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Snel [Snellius or Snel van Royen], Willebrord

1. Dates
Born: Leiden, 1580
Died: Leiden, 30 Oct 1626
Dateinfo: Dates Certain
Lifespan: 46
2. Father
Occupation: Academic
Professor of Mathematics at Leiden.
From various evidence clearly prosperous.
3. Nationality
Birth: Leiden, Netherlands
Career: Netherlands
Death: Leiden, Netherlands
4. Education
Schooling: Leiden, M.A.; Paris
He was the son of a well-to-do father who was himself a considerable scholar and professor of mathematics at the University of Leiden. In 1603 his father was connected with the court of the Landgraf Maurice of Hesse.
He studied law at the University of Leiden, but became interested in mathematics at an early age. I assume a B.A.
Already in 1600 he was allowed to offer lectures on mathematics at Leiden on special days.
1602- Feb. 03, studied law in Paris. I am assuming that this as at the university.
1608, received an M.A. from Leiden.
5. Religion
Affiliation: Calvinist by assumption
6. Scientific Disciplines
Primary: Mathematics, Optics, Cartography
Subordinate: Astronomy, Navigation
In the first decade of the century he translated Stevin into Latin, and later translated van Ceulen.
In correspondence with Landsberg he calculated the value of pi via van Ceulen's method.
He worked at reconstructing Apollonius, dedicating part of the publication to Stevin and part of it to Prince Maurice.
Snel published extensively on pure mathematics.
His most important work, Eratosthenes batavus (1617) expounded a method of measuring the earth by triangulations and published the results of such. He had been about to abandon this work (I gather for lack of funds) when the brothers Sterrenberg (barons) took it over and completed it, with Snel's participation. This was the foundation of modern geodesy.
He published works on astronomy c. 1618, including a work on comets; he never became a Copernican.
In 1624 published Tiphys batavus, a work on navigation, a thorough investigation of the rhumb line (or loxodrom, a name Snel coined).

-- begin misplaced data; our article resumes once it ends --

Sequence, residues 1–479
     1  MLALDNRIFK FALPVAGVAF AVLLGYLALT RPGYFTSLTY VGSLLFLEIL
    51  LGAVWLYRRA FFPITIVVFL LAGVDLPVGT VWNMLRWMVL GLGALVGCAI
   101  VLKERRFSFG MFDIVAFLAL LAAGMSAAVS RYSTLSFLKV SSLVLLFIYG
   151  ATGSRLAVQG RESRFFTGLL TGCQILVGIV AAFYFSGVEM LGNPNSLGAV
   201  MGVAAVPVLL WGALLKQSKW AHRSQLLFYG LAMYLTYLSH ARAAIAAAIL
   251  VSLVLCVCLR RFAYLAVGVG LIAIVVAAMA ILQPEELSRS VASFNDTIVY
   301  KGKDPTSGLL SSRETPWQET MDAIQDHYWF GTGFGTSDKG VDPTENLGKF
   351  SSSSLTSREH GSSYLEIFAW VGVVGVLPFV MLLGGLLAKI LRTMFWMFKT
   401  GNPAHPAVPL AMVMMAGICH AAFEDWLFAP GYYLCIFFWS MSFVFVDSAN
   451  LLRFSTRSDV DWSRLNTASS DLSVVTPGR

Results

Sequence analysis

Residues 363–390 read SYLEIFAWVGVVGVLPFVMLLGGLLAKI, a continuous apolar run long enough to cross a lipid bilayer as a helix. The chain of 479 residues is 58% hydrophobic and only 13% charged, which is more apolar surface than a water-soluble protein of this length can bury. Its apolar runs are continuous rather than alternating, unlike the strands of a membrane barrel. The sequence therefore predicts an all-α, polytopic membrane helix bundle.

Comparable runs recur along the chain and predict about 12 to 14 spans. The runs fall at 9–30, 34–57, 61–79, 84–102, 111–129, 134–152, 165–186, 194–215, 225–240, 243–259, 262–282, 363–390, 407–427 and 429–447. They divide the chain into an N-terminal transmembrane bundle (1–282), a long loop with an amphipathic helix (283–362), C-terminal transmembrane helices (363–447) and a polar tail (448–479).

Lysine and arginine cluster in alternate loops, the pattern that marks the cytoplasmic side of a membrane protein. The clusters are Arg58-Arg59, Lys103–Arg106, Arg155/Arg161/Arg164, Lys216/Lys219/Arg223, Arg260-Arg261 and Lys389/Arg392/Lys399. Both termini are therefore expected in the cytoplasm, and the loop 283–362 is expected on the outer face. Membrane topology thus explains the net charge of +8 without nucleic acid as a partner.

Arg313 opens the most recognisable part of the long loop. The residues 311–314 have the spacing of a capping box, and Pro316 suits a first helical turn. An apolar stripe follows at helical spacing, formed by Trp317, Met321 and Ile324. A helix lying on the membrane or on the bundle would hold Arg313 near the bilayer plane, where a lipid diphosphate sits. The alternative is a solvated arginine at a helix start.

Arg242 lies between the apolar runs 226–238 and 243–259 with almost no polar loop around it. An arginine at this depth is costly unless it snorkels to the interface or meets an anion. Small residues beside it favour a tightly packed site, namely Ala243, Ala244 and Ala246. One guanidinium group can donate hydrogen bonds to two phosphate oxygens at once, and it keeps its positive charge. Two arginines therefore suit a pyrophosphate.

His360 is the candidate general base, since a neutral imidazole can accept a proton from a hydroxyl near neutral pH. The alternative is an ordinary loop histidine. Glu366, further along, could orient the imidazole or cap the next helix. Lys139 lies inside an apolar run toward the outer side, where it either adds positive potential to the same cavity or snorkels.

He composed a canon of trigonometric functions calculated in decimals.
It is well known that he devoted extensive time to optics and discovered the sine law.
7. Means of Support
Primary: Academia
1600, taught mathematics at the Univ. of Leiden. But soon after traveled to Wuertzburg, Prague, Altdorf, and Tuebingen, where he visited all the major astronomers of the day.
1602, in Paris studying law. 1604, returned home after having traveled to Switzerland with his father, who was then in Kassel at the court of Prince Maurice.
1613, suceeded his father at the University of Leiden. 1615, became professor of mathematics.
It is relevant to his means of support that in 1608 he married the dasughrer of the Burgemeister of Schoonhoven.
8. Patronage
Types: Scientist, Court Official
Snel's father was the teacher of Prince Maurice. Snel dedicated a work to Maurice. Some influence stood behind his succession to his father's chair. He received (from whom? apparently the government) gifts of 700 florins to support his triangulations (in 1622-4).
Van Ceulen, Stevin, and his father, Rudolf Snellius or Snel van Royen, were influential for Snel being allowed to teach mathematics in 1600. In 1608, Snel both translated Stevin's work into Latin to bring it before the European community and dedicated a work to Stevin; recall Stevin's relation to Maurice.
There is probably a connection which explains how Snel suceeded his father at Leiden after his death.
De re numeraria (1613) is dedicated to Grotius--i.e., he was familiar with the reigning intellectuals of the Netherlands.
9. Technological Involvement
Types: Navigation, Cartography, Applied Mathematics
Tiphys batavus (1624) consists of lessons on navigation.
See also above.
10. Scientific Societies
Memberships: None
Note his connections with Tycho, Kepler, Wilhelm IV, as well as the Dutch scientists.
Sources
  1. Nouvelle biographie universelle.
  2. P. van Geer, "Notice sur la vie et les travaux de Willebrord Snellius," Archives neerlandaises de sciences exactes et naturelles, 18 (1883), 453-68.
  3. Leo Beek, "Willibrord Snellius," in Beek, Dutch Pioneers of Science, (Assen: Van Gorcum, 1985), pp. 32-9.
  4. C. De Waard, Nieuw nederlands biographisch woordenboek, 7 (1927), 1155-63. [ref. CT1143.M72 v.7]
  5. Not consulted: N.D. Haasbroek, Gemma Frisius, Tycho Brahe and Snellius, and their Triangulations (Delft, 1968) [QB311.H113]
Compiled by:
Richard S. Westfall
Department of History and Philosophy of Science
Indiana University

Note: the creators of the Galileo Project and this catalogue cannot answer email on geneological questions.

     
1995 Al Van Helden
Last updated
 
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